The ongoing financial crisis – both the euro crisis and the more global one – and the associated real economic crisis are recurring in the media worldwide. Regardless of the causes of today’s major problems, it is clear that very many states in the north are now unable to finance important public tasks. With huge debt already, states also do not see themselves able to take on more debt. They are therefore forced to cut spending. And not unexpectedly, social and political unrest is rising in many countries – not least in southern and eastern Europe.
- What is a tax haven; where are they located?
- Is tax haven the same as a small, peripheral and “lugubrious” island state?
- How much money is invested in tax havens?
- What is the relationship between “onshore” and “offshore”?
In this situation, states, both individually and through intergovernmental organizations, are looking for ways to expand the income base – because there are limits to how much more states can demand from most people of increased taxes and wage cuts. Then someone has started to put the spotlight on tax havens and the opportunities the huge sums of money there represent.
According to bittranslators, tax havens are usually seen as a phenomenon we find in the fringes of the law. That’s wrong . Tax havens have become part of the way companies and financial units do business today. The financial industry – banks, hedge funds, investment funds, auditing companies, law firms , insurance companies and virtually the entire business world down to small agencies and local service providers – has daily and routine contact with tax havens . The scope has become so large that an attack on tax havens for them appears to be an attack on the business, at least as they know it from the last four − five decades.
2: Tax havens – part of the system
We find tax havens at the heart of globalization . And the reasons are pretty obvious. Out of old habit, many economists will probably say that capitalists are constantly looking for maximum profits, but these economists forget to ask whether business people seek to maximize before or after taxation.
This question is important as corporate taxation in many OECD countries (Organization for Economic Co-operation and Development) can reach up to 30 and even 40 per cent of the amounts declared for taxation. In order to make a higher profit after tax, the companies therefore make extensive use of tax havens.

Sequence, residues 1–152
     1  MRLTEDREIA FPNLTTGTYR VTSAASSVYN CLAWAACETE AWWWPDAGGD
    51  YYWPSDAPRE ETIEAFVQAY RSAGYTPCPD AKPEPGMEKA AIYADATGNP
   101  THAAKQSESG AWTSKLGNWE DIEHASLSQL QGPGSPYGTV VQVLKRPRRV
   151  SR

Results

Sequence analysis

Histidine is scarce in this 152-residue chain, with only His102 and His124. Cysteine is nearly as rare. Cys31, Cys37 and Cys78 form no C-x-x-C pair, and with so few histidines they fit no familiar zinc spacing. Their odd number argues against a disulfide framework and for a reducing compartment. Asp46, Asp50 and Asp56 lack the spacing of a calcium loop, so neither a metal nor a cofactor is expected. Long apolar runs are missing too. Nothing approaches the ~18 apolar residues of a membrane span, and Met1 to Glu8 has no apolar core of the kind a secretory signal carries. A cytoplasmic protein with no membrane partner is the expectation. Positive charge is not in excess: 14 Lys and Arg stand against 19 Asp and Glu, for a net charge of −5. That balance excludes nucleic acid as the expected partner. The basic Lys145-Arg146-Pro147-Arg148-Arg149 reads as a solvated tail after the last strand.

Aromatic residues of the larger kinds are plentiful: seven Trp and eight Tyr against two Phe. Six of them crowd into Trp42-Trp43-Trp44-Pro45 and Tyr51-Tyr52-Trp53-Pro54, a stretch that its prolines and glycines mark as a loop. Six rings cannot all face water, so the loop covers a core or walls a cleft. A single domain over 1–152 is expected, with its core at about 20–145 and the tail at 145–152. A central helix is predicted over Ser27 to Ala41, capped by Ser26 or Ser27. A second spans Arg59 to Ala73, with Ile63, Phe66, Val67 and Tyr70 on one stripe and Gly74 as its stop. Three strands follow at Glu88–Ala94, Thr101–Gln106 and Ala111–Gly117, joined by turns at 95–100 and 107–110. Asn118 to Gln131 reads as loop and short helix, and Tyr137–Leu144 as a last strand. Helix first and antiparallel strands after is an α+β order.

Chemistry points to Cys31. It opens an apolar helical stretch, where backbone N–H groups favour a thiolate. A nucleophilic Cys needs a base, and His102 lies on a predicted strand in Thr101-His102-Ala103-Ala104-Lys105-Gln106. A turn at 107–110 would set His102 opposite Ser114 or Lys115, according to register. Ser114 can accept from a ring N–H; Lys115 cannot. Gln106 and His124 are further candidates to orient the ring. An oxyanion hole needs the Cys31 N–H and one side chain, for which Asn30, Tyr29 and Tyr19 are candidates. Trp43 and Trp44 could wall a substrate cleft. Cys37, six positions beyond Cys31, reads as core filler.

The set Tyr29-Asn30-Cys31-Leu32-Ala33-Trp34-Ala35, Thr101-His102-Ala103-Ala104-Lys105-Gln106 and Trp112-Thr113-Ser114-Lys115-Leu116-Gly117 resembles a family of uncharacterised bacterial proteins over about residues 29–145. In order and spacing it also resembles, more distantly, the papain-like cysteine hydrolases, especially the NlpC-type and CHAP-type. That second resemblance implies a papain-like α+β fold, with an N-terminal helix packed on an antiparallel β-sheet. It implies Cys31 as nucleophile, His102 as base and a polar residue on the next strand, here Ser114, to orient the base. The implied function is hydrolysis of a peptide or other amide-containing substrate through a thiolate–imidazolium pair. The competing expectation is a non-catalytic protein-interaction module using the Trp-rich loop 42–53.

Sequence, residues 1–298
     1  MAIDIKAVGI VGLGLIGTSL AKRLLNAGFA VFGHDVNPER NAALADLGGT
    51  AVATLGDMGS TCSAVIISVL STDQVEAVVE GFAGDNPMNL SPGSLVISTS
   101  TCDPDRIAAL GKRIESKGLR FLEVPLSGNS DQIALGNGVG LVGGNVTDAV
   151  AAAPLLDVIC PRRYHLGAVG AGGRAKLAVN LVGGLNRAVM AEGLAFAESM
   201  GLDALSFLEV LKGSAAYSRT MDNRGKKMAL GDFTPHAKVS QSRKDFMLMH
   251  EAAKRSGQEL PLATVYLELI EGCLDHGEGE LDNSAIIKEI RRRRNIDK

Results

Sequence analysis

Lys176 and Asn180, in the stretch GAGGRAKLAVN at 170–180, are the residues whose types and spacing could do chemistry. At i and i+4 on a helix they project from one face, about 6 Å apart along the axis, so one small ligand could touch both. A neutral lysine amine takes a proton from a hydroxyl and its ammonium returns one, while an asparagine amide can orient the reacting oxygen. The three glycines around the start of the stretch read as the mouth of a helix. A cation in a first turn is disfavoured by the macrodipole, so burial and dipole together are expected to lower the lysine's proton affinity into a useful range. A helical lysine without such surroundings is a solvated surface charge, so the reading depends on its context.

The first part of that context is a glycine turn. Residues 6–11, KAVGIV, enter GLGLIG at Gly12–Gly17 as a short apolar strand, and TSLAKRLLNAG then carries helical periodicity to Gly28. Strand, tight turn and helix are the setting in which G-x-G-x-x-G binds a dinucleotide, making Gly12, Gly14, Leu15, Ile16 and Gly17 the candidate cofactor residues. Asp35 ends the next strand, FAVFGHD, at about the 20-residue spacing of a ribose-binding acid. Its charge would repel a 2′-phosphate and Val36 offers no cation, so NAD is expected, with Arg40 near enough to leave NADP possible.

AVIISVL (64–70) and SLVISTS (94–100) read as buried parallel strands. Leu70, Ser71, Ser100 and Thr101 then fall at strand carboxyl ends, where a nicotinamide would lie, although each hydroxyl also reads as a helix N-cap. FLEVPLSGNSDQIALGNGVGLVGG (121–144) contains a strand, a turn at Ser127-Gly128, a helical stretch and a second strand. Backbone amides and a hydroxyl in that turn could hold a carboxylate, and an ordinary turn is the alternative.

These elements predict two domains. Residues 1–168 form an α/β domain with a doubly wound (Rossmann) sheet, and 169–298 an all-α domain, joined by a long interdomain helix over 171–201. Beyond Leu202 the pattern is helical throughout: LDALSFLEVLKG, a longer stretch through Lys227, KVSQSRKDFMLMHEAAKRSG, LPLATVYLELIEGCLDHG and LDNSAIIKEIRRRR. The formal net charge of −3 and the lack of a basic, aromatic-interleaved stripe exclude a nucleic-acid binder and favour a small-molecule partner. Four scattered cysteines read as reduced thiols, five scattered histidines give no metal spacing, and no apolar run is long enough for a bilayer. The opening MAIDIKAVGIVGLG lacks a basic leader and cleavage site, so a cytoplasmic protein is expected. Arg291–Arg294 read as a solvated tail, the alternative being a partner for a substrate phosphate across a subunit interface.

In addition, following financial regulations means increased costs or reduced profits. Therefore, the financial industry has moved in the direction of what tax havens can legally offer. The result has been some very startling figures associated with the business of tax havens.
3: Tax haven – difficult to define
It is difficult to define what a tax haven is. The complexity of modern tax systems makes virtually any country a potential tax haven for individuals and companies from other countries. Tax havens are sometimes described as “offshore financial centers” – a term that has proved just as difficult to define. In any case, some countries are widely known as tax havens, and the list of such countries has changed little since the 1980s.
The typical tax haven often has these characteristics:
- It is a country with zero or near zero tax for people and companies that do not belong to the country ( non-residents) . Many famous tax havens – such as Jersey, Guernsey, the Isle of Man, Switzerland and Liechtenstein tax their own nationals worldwide. Tax refugees from other countries, on the other hand, escape this tax in whole or in part. Other tax havens use other methods to collect taxes from their own citizens.
- It is easy and cheap for entities from outside to establish themselves in tax havens and easy to ensure anonymity both in terms of the establishment and the subsequent business from there. Tax havens make it easy and cheap to set up companies, foundations and even banks there. They are almost in line to establish themselves.
- Tax havens are characterized by strict secrecy – opacity – when it comes to disclosing financial and commercial information, e.g. to tax authorities from other countries. Some therefore prefer to refer to tax havens as “paradises of secrecy”. The lack of transparency is achieved in three ways – both actively and passively.
- Perhaps the most common form is bank secrecy – banks’ secrecy of information that is protected by law. Switzerland is seen as the country that created legal banking secrecy, something the country did in 1934.
- Another widely used method of creating opacity is to allow the creation of entities where both ownership and purpose are very difficult to establish such as foundations (trusts). These entities involve secrecy as they do not require any registration in most jurisdictions (area with their own authority – often a state, but not necessarily). And even where registration is required, the registration will not be publicly available information.
- 3c. A third way of creating opacity is more passive and is characterized by inactivity or conscious indifference . Many tax havens look through their fingers with filth and deliberately slack regulations. In addition, they often have underfunded supervisory authorities, who hardly ask questions.